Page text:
This guide gets you started with gRPC in Dart with a simple working example.

Before you begin

Dart gRPC is currently in beta. Please help us out by filing issues if you encounter any.

Prerequisites

Dart SDK

gRPC requires Dart SDK version 1.24.3 or higher. Dart gRPC supports Flutter and Server platforms.

For installation instructions, follow this guide: Install Dart

Install Protocol Buffers v3

While not mandatory to use gRPC, gRPC applications usually leverage Protocol Buffers v3 for service definitions and data serialization, and our example code uses Protocol Buffers as well as gRPC.

The simplest way to install the protoc compiler is to download pre-compiled binaries for your operating system (protoc-<version>-<os>.zip) from here: https://github.com/google/protobuf/releases

  • Unzip this file.
  • Update the environment variable PATH to include the path to the protoc binary file.

Next, install the protoc plugin for Dart

$ pub global activate protoc_plugin

The compiler plugin, protoc-gen-dart, is installed in $HOME/.pub-cache/bin. It must be in your $PATH for the protocol compiler, protoc, to find it.

$ export PATH=$PATH:$HOME/.pub-cache/bin

Download the example

You’ll need a local copy of the example code to work through this quickstart. Download the example code from our Github repository (the following command clones the entire repository, but you just need the examples for this quickstart and other tutorials):

$ # Clone the repository at the latest release to get the example code:
$ git clone https://github.com/grpc/grpc-dart
$ # Navigate to the "Hello World" Dart example:
$ cd grpc-dart/example/helloworld

Run a gRPC application

From the example/helloworld directory:

  1. Download package dependencies

    $ pub get
    
  2. Run the server

    $ dart bin/server.dart
    
  3. In another terminal, run the client

    $ dart bin/client.dart
    

Congratulations! You’ve just run a client-server application with gRPC.

Update a gRPC service

Now let’s look at how to update the application with an extra method on the server for the client to call. Our gRPC service is defined using protocol buffers; you can find out lots more about how to define a service in a .proto file in gRPC Basics: Dart. For now all you need to know is that both the server and the client “stub” have a SayHello RPC method that takes a HelloRequest parameter from the client and returns a HelloReply from the server, and that this method is defined like this:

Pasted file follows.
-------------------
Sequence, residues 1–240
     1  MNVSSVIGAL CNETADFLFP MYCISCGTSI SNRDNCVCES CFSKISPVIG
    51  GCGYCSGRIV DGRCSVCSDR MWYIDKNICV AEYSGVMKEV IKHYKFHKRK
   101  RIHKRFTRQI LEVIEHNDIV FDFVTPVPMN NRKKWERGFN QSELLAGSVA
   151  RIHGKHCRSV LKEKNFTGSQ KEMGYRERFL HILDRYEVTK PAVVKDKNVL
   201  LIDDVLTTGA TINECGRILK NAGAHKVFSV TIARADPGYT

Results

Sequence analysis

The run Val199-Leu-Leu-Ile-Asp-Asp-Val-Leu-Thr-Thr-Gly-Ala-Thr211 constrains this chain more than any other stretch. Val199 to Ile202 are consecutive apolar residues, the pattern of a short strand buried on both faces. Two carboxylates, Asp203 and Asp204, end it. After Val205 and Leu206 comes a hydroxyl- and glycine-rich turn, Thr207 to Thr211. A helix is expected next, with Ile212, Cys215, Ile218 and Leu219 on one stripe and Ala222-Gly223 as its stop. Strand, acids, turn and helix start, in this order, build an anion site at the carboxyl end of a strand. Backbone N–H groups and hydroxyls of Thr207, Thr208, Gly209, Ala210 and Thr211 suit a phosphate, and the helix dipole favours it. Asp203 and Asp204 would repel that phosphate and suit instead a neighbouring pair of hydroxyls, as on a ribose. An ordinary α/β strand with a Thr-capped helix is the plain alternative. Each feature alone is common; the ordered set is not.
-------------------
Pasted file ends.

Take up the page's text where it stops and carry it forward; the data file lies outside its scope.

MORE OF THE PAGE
// The greeting service definition.
service Greeter {
  // Sends a greeting
  rpc SayHello (HelloRequest) returns (HelloReply) {}
}

// The request message containing the user's name.
message HelloRequest {
  string name = 1;
}

// The response message containing the greetings
message HelloReply {
  string message = 1;
}

Let’s update this so that the Greeter service has two methods. Edit protos/helloworld.proto and update it with a new SayHelloAgain method, with the same request and response types:

// The greeting service definition.
service Greeter {
  // Sends a greeting
  rpc SayHello (HelloRequest) returns (HelloReply) {}
  // Sends another greeting
  rpc SayHelloAgain (HelloRequest) returns (HelloReply) {}
}

// The request message containing the user's name.
message HelloRequest {
  string name = 1;
}

// The response message containing the greetings
message HelloReply {
  string message = 1;
}

(Don’t forget to save the file!)

Generate gRPC code

Next we need to update the gRPC code used by our application to use the new service definition.

From the example/helloworld directory, run:

$ protoc --dart_out=grpc:lib/src/generated -Iprotos protos/helloworld.proto

This regenerates the files in lib/src/generated which contain our generated request and response classes, and client and server classes.

Update and run the application

We now have new generated server and client code, but we still need to implement and call the new method in the human-written parts of our example application.

Update the server

In the same directory, open bin/server.dart. Implement the new method like this:

class GreeterService extends GreeterServiceBase {
  @override
  Future<HelloReply> sayHello(ServiceCall call, HelloRequest request) async {
    return new HelloReply()..message = 'Hello, ${request.name}!';
  }

  @override
  Future<HelloReply> sayHelloAgain(
      ServiceCall call, HelloRequest request) async {
    return new HelloReply()..message = 'Hello again, ${request.name}!';
  }
}
...

Update the client

In the same directory, open bin/client.dart. Call the new method like this:

Future<Null> main(List<String> args) async {
  final channel = new ClientChannel('localhost',
      port: 50051,
      options: const ChannelOptions(
          credentials: const ChannelCredentials.insecure()));
  final stub = new GreeterClient(channel);

  final name = args.isNotEmpty ? args[0] : 'world';

  try {
    var response = await stub.sayHello(new HelloRequest()..name = name);
    print('Greeter client received: ${response.message}');
    response = await stub.sayHelloAgain(new HelloRequest()..name = name);
    print('Greeter client received: ${response.message}');
  } catch (e) {
    print('Caught error: $e');
  }
  await channel.shutdown();
}

Run!

Just like we did before, from the example/helloworld directory:

  1. Run the server

    $ dart bin/server.dart
    
  2. In another terminal, run the client

    $ dart bin/client.dart
    

What’s next